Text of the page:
Another problem with hi res downloads and streams is being able to tell if it is just an up sampled low res. Could be paying a premium for what is really just 44.1/16 (CD quality).
I suppose any download produced today from an analog tape master could be hi-res; but, downloads produced today from digital tape would be suspect, meaning any download of 80's and 90's material.

Vinylfreak86
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Re: Why can't digital sound as 'warm' as analog?

Post by Vinylfreak86 » 03 Nov 2019 09:47

Sterling1 wrote:
02 Nov 2019 23:30
I suppose any download produced today from an analog tape master could be hi-res; but, downloads produced today from digital tape would be suspect, meaning any download of 80's and 90's material.
I doubt you can see any download produced from analog master tape. Even if you a buy a vinyl record or japanese release of CD, no analog tapes anymore. Only those audiophile releases of jazz or classic where you will pay 60$ for a CD (gold disc and SACD) and even more for a vinyl record. Record labels now storage majority of material on cartridges (digital computer tape, but still magnetic tape yes :) ) in digital format.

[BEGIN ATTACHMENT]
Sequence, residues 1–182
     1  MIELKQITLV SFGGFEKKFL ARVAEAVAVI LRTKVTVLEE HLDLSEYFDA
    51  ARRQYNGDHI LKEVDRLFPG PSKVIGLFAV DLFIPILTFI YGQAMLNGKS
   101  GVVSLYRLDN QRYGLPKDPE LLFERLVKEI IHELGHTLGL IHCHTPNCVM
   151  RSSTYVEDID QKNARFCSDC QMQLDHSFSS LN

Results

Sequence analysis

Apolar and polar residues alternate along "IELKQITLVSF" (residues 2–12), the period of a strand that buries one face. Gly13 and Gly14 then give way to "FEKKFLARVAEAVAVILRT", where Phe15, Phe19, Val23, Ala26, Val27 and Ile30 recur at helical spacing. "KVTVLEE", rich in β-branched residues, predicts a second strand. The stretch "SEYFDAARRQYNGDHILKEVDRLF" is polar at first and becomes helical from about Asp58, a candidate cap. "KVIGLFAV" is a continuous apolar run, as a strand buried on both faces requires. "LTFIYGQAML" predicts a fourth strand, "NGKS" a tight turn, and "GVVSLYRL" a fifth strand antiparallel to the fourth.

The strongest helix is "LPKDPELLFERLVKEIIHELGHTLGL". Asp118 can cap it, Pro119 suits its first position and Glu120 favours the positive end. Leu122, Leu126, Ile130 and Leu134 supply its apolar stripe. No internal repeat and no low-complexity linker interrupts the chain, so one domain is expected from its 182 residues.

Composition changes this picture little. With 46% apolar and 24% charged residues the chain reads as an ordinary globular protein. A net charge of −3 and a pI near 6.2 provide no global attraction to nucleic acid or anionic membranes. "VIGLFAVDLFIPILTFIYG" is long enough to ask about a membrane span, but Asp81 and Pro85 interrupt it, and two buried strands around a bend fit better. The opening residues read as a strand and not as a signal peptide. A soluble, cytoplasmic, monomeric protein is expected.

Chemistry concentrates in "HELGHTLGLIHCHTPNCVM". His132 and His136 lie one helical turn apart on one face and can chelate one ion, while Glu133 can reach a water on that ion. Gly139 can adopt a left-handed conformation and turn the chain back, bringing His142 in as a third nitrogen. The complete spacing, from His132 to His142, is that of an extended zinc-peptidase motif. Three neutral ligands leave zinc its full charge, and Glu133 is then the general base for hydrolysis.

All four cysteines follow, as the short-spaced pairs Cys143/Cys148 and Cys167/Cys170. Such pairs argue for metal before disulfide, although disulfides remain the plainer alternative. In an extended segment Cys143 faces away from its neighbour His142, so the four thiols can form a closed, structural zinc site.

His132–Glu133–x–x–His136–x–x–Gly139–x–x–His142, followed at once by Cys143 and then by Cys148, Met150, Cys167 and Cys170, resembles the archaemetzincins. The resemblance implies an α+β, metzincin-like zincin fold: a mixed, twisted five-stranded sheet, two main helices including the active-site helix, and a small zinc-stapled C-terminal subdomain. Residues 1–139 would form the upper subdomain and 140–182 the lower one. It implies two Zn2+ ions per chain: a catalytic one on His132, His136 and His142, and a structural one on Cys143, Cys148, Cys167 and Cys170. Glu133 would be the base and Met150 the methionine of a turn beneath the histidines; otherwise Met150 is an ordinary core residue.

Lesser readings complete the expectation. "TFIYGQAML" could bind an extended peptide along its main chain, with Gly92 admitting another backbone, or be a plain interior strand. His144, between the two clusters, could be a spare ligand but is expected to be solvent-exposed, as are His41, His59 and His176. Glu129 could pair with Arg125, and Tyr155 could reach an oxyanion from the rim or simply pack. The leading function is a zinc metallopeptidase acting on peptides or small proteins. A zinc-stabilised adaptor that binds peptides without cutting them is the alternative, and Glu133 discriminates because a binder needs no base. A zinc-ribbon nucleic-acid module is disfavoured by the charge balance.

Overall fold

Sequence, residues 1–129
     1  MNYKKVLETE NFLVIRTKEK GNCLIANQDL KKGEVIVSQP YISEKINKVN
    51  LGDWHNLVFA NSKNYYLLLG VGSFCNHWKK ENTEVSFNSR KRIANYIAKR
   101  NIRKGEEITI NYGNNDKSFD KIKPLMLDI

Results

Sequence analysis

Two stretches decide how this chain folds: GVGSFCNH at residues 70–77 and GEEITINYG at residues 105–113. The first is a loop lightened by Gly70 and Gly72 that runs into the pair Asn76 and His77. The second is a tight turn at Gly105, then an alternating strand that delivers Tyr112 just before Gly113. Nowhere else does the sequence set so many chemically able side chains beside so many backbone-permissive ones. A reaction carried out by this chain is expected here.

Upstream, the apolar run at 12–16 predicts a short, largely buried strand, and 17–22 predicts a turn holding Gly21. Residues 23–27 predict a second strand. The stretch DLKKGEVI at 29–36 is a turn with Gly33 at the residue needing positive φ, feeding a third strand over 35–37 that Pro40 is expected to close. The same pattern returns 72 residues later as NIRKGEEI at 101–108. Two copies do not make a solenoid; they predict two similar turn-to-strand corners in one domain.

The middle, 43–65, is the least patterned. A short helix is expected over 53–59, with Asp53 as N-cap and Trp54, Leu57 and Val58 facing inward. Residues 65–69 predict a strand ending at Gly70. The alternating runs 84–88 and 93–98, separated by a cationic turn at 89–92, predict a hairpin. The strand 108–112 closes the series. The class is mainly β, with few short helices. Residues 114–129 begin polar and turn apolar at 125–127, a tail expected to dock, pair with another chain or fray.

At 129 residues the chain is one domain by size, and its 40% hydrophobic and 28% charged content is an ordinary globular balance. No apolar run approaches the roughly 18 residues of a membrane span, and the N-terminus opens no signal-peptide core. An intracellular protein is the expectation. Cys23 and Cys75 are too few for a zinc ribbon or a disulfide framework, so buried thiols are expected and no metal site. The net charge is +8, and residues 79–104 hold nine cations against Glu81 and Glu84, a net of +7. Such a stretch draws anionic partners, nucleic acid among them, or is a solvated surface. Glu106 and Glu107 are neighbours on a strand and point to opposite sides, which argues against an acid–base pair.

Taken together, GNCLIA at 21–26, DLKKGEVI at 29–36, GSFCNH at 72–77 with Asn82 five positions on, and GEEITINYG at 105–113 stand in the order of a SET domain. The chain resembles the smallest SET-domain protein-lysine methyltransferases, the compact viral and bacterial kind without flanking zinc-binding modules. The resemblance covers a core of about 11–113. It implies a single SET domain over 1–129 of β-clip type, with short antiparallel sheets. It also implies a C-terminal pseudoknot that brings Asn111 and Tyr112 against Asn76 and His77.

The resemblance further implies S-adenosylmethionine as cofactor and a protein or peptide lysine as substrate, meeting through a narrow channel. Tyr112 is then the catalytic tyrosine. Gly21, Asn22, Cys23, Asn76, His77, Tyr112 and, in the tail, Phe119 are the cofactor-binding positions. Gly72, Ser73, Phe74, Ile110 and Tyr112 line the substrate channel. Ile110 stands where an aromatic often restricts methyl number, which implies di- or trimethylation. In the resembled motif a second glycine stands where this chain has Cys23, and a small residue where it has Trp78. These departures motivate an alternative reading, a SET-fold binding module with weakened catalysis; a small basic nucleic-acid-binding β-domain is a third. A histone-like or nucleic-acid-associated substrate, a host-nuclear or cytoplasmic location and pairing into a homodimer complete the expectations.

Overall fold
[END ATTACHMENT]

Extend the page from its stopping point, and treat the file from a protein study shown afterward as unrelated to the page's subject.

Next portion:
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Re: Why can't digital sound as 'warm' as analog?

Post by Sterling1 » 03 Nov 2019 09:53

Vinylfreak86 wrote:
03 Nov 2019 09:47
Sterling1 wrote:
02 Nov 2019 23:30
I suppose any download produced today from an analog tape master could be hi-res; but, downloads produced today from digital tape would be suspect, meaning any download of 80's and 90's material.
I doubt you can see any download produced from analog master tape. Even if you a buy a vinyl record or japanese release of CD, no analog tapes anymore. Only those audiophile releases of jazz or classic where you will pay 60$ for a CD (gold disc and SACD) and even more for a vinyl record. Record labels now storage majority of material on cartridges (digital computer tape, but still magnetic tape yes :) ) in digital format.